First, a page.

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The Cuban Missile Crisis and the Threat of Nuclear War: Lessons from History.

The Cuban Missile Crisis and the Threat of Nuclear War: Lessons from History. By Len Scott. (London, England: Continuum, 2008. Pp. xii, 222. $49.95.)

There has been no shortage of scholarly interest in the 1962 Cuban missile crisis, often described as the moment when the world came closest to nuclear destruction. In this work, Len Scott utilizes much of this scholarship "to examine the role of nuclear weapons" in the crisis "and to evaluate the risk of inadvertent nuclear war" (2). Unlike some recent studies of the crisis, Scott does not rely on newly discovered primary sources or make use of interviews of yet-unheard-from participants. Instead, he has carefully mined the secondary (and memoir) literature for insights into three related areas: "the role of nuclear weapons in the conduct of foreign policy, in deterring armed conflict and in risking nuclear war" (17). For Scott, these are the salient issues involved in the Cuban missile crisis, which the Soviets referred to as the "Caribbean crisis" and the Cubans dubbed the "October crisis." Throughout this brief but engagingly written and extremely well-documented volume, Scott takes on the received wisdom regarding what future generations of policymakers as well as scholars might learn from the crisis, concluding in the end that the lessons were uneven, imbalanced, and not universally applicable. At heart, he focuses on two hierarchical levels of decision making: high-level policymakers and subordinate actors/organizations.

Methodologically, Scott by design employs counterfactual scenarios as he engages in what might best be characterized as "What If" history. As a result, much of this volume is taken up with subjecting other authors' conclusions and assertions to various counterfactuals in an effort to determine the true role of nuclear weapons in the Cuban missile crisis, a method Scott defends as "essential in examining how close we may have been to nuclear war" (23). Besides, he avers, if policymakers on both sides employed such a tool when framing their own positions during the crisis, does it not make sense to do the same when seeking to understand those positions?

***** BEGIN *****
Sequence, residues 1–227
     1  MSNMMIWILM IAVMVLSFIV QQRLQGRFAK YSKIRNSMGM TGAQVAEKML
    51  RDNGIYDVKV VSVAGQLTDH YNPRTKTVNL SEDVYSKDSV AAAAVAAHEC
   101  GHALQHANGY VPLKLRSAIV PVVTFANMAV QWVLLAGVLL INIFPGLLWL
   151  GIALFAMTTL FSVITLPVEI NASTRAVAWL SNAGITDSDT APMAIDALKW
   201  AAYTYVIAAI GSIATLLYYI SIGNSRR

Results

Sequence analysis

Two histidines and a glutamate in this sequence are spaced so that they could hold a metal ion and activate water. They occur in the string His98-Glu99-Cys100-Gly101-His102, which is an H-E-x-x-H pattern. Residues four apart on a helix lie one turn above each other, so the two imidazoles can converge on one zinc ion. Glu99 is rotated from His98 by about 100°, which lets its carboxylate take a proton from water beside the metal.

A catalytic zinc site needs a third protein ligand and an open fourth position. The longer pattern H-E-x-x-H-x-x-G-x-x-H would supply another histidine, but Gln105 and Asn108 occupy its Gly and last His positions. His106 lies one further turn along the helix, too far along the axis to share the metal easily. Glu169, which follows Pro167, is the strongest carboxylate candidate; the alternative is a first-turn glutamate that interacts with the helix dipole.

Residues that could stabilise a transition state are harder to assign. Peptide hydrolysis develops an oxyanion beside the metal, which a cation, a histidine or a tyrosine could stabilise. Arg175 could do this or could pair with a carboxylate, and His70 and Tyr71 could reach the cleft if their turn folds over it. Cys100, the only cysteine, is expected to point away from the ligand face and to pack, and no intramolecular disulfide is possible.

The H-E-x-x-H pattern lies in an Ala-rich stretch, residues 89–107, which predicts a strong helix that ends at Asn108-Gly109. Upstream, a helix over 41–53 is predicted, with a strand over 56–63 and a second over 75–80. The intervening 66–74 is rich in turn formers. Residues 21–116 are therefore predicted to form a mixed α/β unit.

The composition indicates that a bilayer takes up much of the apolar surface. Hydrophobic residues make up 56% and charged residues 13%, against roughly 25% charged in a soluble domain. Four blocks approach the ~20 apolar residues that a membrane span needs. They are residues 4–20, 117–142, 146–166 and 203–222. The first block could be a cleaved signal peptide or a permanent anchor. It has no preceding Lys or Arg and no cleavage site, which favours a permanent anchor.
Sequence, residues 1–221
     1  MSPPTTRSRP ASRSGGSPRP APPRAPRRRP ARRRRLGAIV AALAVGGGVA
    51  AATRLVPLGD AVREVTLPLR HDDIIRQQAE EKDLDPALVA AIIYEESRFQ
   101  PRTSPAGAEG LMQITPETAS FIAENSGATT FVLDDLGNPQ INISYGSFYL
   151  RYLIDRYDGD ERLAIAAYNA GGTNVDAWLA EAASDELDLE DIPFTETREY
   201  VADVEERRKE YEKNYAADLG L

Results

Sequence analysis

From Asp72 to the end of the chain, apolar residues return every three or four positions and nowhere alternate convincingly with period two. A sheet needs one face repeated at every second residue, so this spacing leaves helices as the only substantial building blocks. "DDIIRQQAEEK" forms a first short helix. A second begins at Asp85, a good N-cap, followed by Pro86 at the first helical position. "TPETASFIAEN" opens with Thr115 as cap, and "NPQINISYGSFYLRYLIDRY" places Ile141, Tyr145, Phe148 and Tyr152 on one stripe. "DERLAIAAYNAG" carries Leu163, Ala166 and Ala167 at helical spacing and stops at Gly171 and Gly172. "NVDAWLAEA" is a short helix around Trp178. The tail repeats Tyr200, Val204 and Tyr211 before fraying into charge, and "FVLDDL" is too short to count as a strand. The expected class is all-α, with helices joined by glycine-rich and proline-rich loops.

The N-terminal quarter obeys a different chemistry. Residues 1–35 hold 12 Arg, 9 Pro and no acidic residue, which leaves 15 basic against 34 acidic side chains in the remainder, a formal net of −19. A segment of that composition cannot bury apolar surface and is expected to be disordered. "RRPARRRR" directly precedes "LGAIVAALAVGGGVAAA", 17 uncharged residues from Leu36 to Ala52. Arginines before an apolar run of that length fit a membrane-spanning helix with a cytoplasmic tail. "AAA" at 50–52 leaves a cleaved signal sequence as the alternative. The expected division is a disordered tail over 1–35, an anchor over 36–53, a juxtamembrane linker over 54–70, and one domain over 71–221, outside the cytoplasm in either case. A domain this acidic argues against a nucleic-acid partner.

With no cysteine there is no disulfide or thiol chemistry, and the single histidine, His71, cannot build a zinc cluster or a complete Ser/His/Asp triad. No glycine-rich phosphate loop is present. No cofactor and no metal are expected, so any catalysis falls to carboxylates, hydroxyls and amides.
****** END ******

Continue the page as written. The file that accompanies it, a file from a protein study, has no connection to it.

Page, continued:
As far as Scott's conclusions are concerned, there are many, two of which are of particular import. First, he notes that John F. Kennedy's and Nikita Khrushchev's determination to reach a negotiated settlement rose with the risk of escalation. In other words, neither really wanted the crisis to spiral out of control. Second, he notes that there were times when lower-level actions threatened upper-level efforts at restraint and accommodation. Put another way, Scott envisions scenarios in which, Kennedy's and Khrushchev's best efforts notwithstanding, a nuclear crisis might have occurred. This is a sobering thought indeed, and an indication that the most important things to happen in a crisis might not be the decisions taken at the highest levels.

Without a doubt Scott has produced a volume worth careful study and consideration. The just over one hundred sixty pages of text in this volume are heavily documented with valuable references to the extant literature--a literature Scott obviously knows well--and the counterfactual methodology used throughout provides a useful model that others might employ with much success.

Mary Ann Heiss

Kent State University

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Author:Heiss, Mary Ann
Publication:The Historian
Article Type:Book review
Date:Jun 22, 2010
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